Fund art to save the rhinos

This week, Becki writes about what happened when the Arts Council asked the Young Coneys for advice – and why we’re always learning from them. Read on to find out what this crackly and creative group of young people think about the future of the arts:

Mask made by the Young Coneys, as part of Endangered Friends

Coney are supported by Arts Council England. They are going through a very public consultation, asking people to contribute to their 10 year strategy. We were super energised to contribute, had a lot of things to say, and came out massively empathetic about what those people are dealing with trying to get this all right.

Some time passed – and then the Arts Council got back in touch. They asked us if the Young Coneys might have a few words to say about the next 10 years. And we said we’d ask.

The Young Coneys are without a doubt, expert consultants. Every time I see any one of them they teach me something new. And because they’re all from different schools, and boroughs and families – they all bring something different that’s new, and we end up with a massive pile of new information from all over the place. It’s a massive joy and a huge privilege to hang out with them.

As they gather momentum and more people know who the Young Coneys are, they’re asked more and more to teach other people new things too. Whether that’s audiences or organisations – they’re pretty willing to help you out.  They’re advisers, leaders and geniuses and we’d be ridiculous not to listen to them.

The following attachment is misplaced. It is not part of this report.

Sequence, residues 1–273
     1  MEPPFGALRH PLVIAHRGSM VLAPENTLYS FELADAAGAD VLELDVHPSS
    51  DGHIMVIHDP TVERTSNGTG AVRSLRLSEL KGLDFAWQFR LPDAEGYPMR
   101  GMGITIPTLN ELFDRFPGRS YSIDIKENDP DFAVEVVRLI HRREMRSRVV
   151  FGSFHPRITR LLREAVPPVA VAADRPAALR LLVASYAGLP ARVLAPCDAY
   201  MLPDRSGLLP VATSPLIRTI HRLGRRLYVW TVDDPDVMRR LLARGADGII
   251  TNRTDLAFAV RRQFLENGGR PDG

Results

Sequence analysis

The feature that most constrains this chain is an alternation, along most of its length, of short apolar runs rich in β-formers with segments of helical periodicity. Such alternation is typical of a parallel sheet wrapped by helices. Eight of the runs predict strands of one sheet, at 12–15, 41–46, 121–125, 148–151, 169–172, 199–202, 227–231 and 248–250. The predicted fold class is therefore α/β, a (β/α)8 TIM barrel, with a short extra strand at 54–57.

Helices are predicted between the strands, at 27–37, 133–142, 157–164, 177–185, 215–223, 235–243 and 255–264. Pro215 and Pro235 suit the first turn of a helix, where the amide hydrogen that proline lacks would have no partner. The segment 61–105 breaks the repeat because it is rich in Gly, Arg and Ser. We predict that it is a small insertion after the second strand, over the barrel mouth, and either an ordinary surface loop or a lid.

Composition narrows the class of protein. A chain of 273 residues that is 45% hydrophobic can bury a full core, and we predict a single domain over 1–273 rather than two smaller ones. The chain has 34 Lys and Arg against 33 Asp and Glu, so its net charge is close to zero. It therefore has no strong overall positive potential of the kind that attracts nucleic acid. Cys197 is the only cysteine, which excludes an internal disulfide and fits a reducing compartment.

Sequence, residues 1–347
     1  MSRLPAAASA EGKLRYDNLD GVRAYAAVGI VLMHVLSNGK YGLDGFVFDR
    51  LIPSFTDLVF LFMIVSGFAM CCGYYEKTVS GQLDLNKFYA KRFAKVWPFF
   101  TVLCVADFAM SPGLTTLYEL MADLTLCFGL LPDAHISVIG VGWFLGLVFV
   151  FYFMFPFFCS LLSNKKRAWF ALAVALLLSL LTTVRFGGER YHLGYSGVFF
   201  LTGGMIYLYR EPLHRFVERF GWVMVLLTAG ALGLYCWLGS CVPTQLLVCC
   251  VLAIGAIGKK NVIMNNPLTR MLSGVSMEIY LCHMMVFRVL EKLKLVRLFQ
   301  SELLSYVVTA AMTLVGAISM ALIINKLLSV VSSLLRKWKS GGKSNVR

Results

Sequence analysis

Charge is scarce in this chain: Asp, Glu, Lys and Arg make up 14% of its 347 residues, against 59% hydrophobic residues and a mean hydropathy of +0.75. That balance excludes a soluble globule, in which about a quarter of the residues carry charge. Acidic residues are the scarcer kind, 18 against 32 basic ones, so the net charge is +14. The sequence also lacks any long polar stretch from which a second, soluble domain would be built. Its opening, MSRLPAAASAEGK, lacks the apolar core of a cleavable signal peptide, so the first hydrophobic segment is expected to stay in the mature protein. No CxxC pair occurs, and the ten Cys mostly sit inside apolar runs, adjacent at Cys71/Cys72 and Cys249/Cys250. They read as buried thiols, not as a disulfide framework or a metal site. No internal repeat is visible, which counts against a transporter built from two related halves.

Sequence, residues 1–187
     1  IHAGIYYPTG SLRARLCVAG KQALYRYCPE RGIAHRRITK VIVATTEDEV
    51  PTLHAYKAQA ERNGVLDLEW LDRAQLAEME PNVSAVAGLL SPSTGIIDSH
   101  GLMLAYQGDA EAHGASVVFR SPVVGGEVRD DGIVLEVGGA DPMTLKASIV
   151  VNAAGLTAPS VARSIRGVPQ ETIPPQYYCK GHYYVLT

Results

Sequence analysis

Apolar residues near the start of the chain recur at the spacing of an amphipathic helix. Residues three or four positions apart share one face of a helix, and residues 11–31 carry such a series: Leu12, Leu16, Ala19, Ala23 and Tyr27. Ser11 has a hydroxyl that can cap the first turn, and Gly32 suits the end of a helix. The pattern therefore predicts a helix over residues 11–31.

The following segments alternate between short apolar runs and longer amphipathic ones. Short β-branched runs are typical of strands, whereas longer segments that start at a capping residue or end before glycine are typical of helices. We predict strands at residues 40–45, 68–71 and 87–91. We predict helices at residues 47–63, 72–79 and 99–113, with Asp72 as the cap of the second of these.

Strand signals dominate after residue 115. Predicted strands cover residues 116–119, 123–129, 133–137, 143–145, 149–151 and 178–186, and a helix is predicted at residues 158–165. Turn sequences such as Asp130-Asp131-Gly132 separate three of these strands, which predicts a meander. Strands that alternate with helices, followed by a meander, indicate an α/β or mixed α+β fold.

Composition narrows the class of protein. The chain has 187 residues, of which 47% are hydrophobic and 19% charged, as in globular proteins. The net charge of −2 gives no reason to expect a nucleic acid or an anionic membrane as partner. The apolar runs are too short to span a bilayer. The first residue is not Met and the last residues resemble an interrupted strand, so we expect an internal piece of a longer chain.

So when the Arts Council reached out – we thought the idea sounded perfect. How can we make the next 10 years of art in people’s lives have impact. How can we make them matter.

We knew before the Arts Council arrived the conversation would be about the world. The Young Coneys are change makers, and they are super politically and socially engaged and aware. I have better conversations with them than I do with most of my friends. I’ve had conversations about the similarities and differences between Brazilian and American governments, the moral consciousness of palm oil and banning ‘Ore-Nos!’ as the first step to change and whether all 20 year olds know what it is they’re voting for. And these kinds of things aren’t inside a project, there’s no structure or agenda to that. That is just casual chit chat over a Jaffa cake.

So when we focused – the future of art and the world as one, the Young Coneys unstoppable agenda was to make art to change the world. And that message rang pretty clear from the very first words said – ‘Fund art to save the rhinos!’.

And it went from there. Over the next 4 hours the Young Coneys reminded us that art can save the rhinos. They reminded us of all the social consciousness that is embedded in art, the conversation it opens up, the role is plays to encourage us to think about new things and the opportunity it gives to hear people’s voices. Across the games, and discussions and building the ideal school with lego – the ideas just kept on coming:

  • Ethical iPhones, ethical cars and ethical people
  • Giving space for refugees to tell their story so we can understand